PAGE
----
US consumer spending rose in April, official figures show, but the increase was less than expected.
The US Commerce Department figures showed spending up by 0.4% in April, the 10th month in a row it has risen.
But the rise was less than the downwardly-revised 0.5% increase seen in March. Analysts had expected the same figure for April.
The data suggests that much of the increased spending may have gone on higher food and energy costs.
High food and energy prices were behind a rise of 0.3% in overall prices last month, according to the Personal Consumption Expenditures index.
The data suggests much of the increase in spending went on food and fuel. Spending adjusted for inflation was nearly flat, up by just 0.1%.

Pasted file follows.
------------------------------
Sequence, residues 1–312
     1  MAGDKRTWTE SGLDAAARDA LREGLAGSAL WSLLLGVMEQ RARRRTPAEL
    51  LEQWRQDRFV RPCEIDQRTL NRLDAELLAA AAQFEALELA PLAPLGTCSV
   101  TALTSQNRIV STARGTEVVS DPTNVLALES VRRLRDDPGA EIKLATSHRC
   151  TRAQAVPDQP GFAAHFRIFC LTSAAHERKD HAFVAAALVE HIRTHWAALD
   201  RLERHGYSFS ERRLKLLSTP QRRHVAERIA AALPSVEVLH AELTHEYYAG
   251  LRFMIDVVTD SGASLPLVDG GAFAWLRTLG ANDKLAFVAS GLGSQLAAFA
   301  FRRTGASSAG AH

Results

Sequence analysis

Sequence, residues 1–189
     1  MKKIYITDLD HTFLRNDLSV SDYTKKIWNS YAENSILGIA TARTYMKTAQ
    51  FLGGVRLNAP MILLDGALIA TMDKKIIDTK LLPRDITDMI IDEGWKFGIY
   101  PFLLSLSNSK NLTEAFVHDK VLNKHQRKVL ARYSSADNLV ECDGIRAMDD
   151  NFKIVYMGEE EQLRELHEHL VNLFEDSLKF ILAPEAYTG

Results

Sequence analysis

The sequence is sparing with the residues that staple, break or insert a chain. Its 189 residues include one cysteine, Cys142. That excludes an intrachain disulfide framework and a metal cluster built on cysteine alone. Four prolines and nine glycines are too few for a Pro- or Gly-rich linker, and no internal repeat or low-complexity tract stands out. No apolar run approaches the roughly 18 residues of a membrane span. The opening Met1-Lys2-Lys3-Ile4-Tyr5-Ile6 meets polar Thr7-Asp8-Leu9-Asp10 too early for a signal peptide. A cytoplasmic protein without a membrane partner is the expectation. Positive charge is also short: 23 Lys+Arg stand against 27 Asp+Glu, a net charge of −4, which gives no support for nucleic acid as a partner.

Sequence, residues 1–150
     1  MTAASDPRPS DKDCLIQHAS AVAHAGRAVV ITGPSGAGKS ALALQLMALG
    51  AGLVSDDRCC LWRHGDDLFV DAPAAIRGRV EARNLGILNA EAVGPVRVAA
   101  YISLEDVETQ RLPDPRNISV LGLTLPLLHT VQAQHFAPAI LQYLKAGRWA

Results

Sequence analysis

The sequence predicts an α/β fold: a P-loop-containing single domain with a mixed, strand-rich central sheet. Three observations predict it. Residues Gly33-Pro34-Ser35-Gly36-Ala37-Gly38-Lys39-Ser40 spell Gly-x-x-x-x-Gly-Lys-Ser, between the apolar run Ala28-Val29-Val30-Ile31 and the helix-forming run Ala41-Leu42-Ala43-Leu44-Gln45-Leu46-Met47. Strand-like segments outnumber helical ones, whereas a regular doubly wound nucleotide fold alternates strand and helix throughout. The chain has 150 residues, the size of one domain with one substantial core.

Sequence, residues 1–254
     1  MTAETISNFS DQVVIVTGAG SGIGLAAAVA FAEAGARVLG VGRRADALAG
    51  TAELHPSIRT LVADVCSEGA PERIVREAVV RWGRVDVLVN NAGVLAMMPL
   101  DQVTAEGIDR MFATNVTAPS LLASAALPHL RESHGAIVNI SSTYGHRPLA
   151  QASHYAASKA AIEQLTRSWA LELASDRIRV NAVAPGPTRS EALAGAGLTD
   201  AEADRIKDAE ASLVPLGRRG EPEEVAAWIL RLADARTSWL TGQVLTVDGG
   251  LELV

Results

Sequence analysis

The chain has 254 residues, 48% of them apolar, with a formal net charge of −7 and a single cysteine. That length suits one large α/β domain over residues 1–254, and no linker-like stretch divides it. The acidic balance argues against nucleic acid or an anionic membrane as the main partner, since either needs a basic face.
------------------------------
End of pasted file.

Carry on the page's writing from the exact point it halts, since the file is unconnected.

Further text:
Incomes rose 0.4% in April, the Commerce Department said, but disposable incomes adjusted for inflation also showed no rise.
Analysts suggest a recent drop in the price of oil may allow an increase in spending on other items.
Consumer spending is a crucial part of the US economy and accounts for about 70% of economic activity.